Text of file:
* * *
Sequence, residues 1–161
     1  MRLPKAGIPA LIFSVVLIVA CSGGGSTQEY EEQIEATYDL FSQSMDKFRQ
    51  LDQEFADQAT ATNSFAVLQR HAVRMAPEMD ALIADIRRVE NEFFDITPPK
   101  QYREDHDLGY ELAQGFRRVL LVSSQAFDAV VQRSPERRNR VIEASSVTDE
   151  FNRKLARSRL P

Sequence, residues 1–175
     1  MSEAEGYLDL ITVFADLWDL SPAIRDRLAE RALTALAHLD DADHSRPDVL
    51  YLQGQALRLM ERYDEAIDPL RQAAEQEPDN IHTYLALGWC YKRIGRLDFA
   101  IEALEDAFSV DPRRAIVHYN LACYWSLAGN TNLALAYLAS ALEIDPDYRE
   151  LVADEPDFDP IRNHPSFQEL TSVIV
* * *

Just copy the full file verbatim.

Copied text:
Sequence, residues 1–161
     1  MRLPKAGIPA LIFSVVLIVA CSGGGSTQEY EEQIEATYDL FSQSMDKFRQ
    51  LDQEFADQAT ATNSFAVLQR HAVRMAPEMD ALIADIRRVE NEFFDITPPK
   101  QYREDHDLGY ELAQGFRRVL LVSSQAFDAV VQRSPERRNR VIEASSVTDE
   151  FNRKLARSRL P

Sequence, residues 1–175
     1  MSEAEGYLDL ITVFADLWDL SPAIRDRLAE RALTALAHLD DADHSRPDVL
    51  YLQGQALRLM ERYDEAIDPL RQAAEQEPDN IHTYLALGWC YKRIGRLDFA
   101  IEALEDAFSV DPRRAIVHYN LACYWSLAGN TNLALAYLAS ALEIDPDYRE
   151  LVADEPDFDP IRNHPSFQEL TSVIV